Joan is Director of the Office for Students with Disabilities at McGill University. She has been involved with NEADS since its inception and carries out research on postsecondary education, on eLearning, and on learning disabilities, especially dyslexia.
College and University Students with Disabilities Speak Out on Their eLearning Experiences
Jennison Asuncion, Co-director, Adaptech Research Network
Jennison Asuncion presented some background information on an eLearning study that was part of a larger investigation conducted by the Disability and Information Technologies (Dis-IT) Research Alliance.
Several partner organizations were involved, including Adaptech, NEADS, and the Canadian Association of Disability Service Providers in Post-Secondary Education. The research team included students (including students with disabilities), disability service providers, disability activists, professors, and eLearning specialists (managers of distance education departments, for example).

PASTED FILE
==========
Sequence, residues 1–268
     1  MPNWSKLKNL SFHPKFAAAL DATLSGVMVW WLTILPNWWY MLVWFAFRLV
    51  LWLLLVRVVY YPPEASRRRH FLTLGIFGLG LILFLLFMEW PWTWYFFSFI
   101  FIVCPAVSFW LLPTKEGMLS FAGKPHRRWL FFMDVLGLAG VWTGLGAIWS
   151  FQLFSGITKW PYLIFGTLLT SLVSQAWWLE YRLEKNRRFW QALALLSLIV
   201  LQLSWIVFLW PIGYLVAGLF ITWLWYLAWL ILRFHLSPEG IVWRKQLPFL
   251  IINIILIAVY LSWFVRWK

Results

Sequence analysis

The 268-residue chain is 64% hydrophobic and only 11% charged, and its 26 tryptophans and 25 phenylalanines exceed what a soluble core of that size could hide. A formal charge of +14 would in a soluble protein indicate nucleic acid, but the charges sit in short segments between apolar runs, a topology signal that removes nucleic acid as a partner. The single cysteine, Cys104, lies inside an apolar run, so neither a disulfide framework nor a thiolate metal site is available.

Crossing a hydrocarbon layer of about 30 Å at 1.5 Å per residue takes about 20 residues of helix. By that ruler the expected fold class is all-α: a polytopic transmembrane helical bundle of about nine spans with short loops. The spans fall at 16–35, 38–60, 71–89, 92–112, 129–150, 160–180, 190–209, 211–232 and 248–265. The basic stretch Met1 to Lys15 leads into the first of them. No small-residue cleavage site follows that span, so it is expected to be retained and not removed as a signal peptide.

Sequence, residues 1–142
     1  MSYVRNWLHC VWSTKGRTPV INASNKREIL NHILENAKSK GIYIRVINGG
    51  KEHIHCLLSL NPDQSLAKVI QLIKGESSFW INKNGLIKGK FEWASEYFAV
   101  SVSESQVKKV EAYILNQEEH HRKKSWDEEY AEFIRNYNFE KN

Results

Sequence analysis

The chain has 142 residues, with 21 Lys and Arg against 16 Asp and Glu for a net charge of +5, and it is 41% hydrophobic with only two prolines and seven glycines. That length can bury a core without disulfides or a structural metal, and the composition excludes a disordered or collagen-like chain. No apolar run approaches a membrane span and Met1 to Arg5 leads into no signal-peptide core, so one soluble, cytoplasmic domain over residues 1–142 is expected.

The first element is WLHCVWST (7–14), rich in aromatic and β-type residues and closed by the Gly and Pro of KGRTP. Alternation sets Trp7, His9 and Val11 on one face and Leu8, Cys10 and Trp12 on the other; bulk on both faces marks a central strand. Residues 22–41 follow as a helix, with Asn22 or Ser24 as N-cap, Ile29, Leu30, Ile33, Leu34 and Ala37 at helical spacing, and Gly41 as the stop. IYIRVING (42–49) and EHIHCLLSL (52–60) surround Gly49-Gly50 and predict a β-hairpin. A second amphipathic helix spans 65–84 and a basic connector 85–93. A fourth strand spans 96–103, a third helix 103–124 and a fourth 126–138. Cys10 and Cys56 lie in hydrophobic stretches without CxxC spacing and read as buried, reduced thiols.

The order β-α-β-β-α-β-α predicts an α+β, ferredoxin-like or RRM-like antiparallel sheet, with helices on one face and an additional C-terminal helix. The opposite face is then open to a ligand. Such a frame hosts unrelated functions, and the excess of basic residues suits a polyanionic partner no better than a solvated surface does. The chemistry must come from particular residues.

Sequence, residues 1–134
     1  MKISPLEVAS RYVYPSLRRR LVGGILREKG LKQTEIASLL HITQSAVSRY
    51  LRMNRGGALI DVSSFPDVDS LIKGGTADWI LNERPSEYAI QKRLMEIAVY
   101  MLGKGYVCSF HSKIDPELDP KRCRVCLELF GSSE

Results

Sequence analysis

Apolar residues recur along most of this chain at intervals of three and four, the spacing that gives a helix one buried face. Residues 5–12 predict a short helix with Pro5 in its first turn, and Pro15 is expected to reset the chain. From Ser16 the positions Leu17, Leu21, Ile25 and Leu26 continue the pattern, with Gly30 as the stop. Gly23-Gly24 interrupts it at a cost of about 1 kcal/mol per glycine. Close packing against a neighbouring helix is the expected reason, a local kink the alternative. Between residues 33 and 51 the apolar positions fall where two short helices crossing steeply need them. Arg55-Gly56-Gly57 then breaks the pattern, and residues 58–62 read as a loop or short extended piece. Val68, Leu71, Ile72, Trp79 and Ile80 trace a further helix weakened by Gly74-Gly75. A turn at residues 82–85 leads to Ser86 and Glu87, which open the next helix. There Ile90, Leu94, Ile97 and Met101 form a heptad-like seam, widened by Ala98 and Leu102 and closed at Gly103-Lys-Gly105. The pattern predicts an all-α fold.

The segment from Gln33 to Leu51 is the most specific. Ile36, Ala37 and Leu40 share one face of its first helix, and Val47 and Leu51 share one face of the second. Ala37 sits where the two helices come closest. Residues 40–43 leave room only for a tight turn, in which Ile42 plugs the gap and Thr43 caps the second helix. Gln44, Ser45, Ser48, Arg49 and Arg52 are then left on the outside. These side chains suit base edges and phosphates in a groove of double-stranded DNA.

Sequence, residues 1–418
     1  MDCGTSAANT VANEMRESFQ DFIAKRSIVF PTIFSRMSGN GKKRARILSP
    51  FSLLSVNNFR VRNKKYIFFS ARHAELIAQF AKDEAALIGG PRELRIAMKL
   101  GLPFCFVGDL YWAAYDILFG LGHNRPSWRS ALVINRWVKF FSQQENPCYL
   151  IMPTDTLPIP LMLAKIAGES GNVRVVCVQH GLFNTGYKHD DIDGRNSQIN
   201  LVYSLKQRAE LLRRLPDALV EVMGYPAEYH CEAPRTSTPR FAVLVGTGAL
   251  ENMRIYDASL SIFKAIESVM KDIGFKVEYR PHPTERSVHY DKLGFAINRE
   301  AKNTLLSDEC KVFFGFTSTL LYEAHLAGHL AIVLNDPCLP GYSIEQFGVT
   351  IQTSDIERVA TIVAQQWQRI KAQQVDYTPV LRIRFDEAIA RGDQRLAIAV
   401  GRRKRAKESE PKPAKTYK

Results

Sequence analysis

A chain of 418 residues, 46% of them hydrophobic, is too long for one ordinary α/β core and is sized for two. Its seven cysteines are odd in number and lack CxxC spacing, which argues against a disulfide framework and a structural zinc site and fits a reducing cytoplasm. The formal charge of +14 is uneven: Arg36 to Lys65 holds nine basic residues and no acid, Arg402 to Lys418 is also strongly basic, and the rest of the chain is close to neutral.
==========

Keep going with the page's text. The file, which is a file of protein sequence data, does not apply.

Elearning is the full range of information and communications technologies that professors use when teaching their courses. Included are technologies used in the classroom, those used for online courses, and the ones used for hybrid courses (involving classroom and online components).
For this particular study, “accessibility” was defined as “the ability of a learner, regardless of their disability, to easily and independently use e-learning.” For some learners, adaptive technology may be required to interact with eLearning.
Asuncion presented some sample research questions: